Flashcards in Chapter 1 Deck (23):
Any heritable trait that increase the fitness of an individual with that trait, compared with individuals without that trait, in a particular environment.
A highly organized compartment bounded by a thin, flexible structure (plasma membrane) and containing concentrated chemicals in an aqueous solution The basic structural and functional unit of all organisms.
The theory that all organisms are made of cells and that all cells come from preexisting cells.
In a scientific experiment, a group of organisms or samples that do not receive the experimental treatment but are otherwise identical to the group that does.
1) A taxonomic category, based on similarities in basic cellular biochemistry, above the kingdom level. The three recognized domains are Bacteria, Archaea, and Eukarya. 2) A section of a protein that has a distinction tertiary structure and function.
Amember of the domain Eukarya; an organism whose cells contain a nucleus, numerous membrane-bound organelles, and an extensive cytoskeleton. May be unicellular or multicellular. Compare with Prokaryote.
Genus (pl: Genera)
In Linnaeus' system, a taxonomic category of closely related species. Always italicized and capitalized to indicate that it is a recognized scientific genus.
Referring to traits that can be transmitted from one generation to the next.
A testable statement that explains a phenomenon or a set of observations.
The last universal common ancestor of cells. This theoretical entity is proposed to be the product of chemical evolution and provided characteristics of life that are shared by all living organisms on Earth today.
The process by which individuals with certain heritable traits tend to produce more surviving offspring than do individuals without those traits, often leading to a change in the genetic makeup of the population. A major mechanism of evolution.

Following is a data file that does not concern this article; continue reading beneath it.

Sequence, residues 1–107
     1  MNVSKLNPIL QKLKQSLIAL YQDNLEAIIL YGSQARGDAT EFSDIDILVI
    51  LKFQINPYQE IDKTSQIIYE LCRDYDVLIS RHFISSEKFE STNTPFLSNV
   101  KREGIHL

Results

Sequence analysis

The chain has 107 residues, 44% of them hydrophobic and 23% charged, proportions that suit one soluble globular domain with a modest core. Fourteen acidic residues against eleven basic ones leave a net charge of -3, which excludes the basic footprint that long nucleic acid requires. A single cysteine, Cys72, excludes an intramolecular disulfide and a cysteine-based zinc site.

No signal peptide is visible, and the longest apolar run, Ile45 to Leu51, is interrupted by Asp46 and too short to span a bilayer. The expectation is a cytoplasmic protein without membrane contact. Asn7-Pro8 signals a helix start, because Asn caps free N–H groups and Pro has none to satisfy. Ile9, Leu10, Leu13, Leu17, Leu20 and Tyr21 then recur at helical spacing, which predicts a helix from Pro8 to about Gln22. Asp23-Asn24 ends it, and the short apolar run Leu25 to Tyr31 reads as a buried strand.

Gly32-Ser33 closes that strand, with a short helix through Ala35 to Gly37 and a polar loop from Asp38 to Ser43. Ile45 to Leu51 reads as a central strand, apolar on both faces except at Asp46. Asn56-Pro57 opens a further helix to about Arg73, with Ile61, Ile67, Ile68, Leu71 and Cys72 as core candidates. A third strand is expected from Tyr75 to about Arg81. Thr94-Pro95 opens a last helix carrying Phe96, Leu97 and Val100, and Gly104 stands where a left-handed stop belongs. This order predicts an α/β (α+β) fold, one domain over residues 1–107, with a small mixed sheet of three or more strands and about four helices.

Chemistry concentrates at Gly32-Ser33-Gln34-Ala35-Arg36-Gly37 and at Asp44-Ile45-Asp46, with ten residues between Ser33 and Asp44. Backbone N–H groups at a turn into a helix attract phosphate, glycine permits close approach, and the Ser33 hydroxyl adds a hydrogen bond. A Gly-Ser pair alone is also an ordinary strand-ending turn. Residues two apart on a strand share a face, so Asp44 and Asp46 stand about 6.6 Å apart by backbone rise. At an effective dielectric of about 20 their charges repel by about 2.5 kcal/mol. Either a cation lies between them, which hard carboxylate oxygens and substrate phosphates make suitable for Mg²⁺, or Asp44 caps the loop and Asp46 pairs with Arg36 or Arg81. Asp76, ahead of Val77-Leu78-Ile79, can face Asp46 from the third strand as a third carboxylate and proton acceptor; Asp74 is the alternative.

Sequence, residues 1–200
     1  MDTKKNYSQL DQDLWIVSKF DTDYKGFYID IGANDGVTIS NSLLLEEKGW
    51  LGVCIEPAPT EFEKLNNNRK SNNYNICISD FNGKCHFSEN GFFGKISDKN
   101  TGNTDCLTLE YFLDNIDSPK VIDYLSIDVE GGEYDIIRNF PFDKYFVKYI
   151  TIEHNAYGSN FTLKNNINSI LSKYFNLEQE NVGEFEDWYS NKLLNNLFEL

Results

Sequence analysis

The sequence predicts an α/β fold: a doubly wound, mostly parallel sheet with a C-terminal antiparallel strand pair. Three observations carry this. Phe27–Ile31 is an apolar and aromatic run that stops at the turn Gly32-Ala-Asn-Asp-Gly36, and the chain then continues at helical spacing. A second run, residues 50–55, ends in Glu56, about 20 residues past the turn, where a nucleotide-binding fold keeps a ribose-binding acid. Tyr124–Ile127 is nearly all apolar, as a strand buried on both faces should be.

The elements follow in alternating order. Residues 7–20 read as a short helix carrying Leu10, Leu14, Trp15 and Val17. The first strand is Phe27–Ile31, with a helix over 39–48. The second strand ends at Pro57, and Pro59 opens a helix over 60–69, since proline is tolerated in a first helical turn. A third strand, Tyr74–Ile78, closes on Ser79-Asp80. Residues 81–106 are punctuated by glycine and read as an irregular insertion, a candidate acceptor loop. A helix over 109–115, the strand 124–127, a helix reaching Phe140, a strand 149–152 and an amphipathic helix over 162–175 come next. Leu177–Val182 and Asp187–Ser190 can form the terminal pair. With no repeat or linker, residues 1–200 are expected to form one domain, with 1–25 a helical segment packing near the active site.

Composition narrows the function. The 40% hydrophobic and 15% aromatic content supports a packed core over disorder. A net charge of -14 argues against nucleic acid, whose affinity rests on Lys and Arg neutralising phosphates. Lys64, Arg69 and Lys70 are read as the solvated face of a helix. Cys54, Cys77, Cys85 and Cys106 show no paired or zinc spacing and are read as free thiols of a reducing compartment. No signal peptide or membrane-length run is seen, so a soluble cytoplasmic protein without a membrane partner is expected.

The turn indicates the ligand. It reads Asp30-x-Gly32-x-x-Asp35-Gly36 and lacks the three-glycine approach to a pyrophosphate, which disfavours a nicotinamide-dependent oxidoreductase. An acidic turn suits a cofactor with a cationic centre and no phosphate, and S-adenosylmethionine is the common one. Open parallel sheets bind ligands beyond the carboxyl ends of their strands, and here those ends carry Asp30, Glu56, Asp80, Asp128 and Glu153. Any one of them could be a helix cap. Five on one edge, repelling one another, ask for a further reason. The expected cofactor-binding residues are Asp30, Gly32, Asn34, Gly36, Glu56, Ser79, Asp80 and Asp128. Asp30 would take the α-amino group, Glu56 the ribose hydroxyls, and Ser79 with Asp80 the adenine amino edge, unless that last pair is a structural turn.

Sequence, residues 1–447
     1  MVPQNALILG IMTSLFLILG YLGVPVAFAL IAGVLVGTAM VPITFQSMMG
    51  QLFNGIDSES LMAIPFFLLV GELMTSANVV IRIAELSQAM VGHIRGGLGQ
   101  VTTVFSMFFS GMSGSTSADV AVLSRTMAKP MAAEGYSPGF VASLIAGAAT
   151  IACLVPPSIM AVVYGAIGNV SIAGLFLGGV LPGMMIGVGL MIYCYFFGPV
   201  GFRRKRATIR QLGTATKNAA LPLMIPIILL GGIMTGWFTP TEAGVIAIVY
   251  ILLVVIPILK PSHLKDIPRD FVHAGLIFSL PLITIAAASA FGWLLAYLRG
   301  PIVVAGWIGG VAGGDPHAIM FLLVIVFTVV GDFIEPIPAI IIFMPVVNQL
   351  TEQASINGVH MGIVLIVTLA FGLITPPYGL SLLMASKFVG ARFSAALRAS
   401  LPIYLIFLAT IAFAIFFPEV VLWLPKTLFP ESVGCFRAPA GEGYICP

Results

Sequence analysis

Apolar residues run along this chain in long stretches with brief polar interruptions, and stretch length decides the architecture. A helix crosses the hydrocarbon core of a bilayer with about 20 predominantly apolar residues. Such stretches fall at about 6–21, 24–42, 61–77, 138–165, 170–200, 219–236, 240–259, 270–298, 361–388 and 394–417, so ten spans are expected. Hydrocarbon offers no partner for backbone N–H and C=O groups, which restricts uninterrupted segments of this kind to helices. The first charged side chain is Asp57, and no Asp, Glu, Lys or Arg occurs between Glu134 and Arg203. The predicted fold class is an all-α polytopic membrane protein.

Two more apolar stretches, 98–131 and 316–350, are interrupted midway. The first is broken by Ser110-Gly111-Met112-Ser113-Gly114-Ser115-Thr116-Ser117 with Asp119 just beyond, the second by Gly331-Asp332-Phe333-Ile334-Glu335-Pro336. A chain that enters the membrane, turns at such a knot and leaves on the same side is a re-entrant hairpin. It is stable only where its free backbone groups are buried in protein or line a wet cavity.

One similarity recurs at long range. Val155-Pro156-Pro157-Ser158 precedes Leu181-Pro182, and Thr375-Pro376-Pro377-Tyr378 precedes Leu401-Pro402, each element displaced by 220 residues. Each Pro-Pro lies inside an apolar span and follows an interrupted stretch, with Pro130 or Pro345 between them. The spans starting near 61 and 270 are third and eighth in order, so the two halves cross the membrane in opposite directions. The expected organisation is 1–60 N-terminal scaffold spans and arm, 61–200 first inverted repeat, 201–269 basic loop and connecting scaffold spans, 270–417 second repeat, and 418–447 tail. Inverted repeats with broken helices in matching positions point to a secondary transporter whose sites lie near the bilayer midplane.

A hypothesis that specifies what the results of an experiment will be if the main hypothesis being tested is wrong. Often states that there will be no difference between experimental groups.
Any living entity that contains one or more cells.
The evolutionary history of a group of organisms.
(plural: phyla) In Linnaeus' system, a taxonomic category above the class level and below the kingdom level. In plants, sometimes called a division.
A group of individuals of the same species living in the same geographic area at the same time.
A measurable or observable result of an experiment based on a particular hypothesis. A correct prediction provides support for the hypothesis being tested.
A member of the domain Bacteria or Archaea; a unicellular organism lacking a nucleus and containing relatively few organelles or cytoskeletal components. Compare with eukaryote.
The unique, two-part name given to each species, with a genus name followed by a species name—as in Homo sapiens. Scientific names are always italicized, and are also known as Latin names.
The evolution of two or more distinct species from a single ancestral species.
(plural: taxa) Any named group of organisms at any level of a classification system.
The branch of biology concerned with the classification and naming of organisms.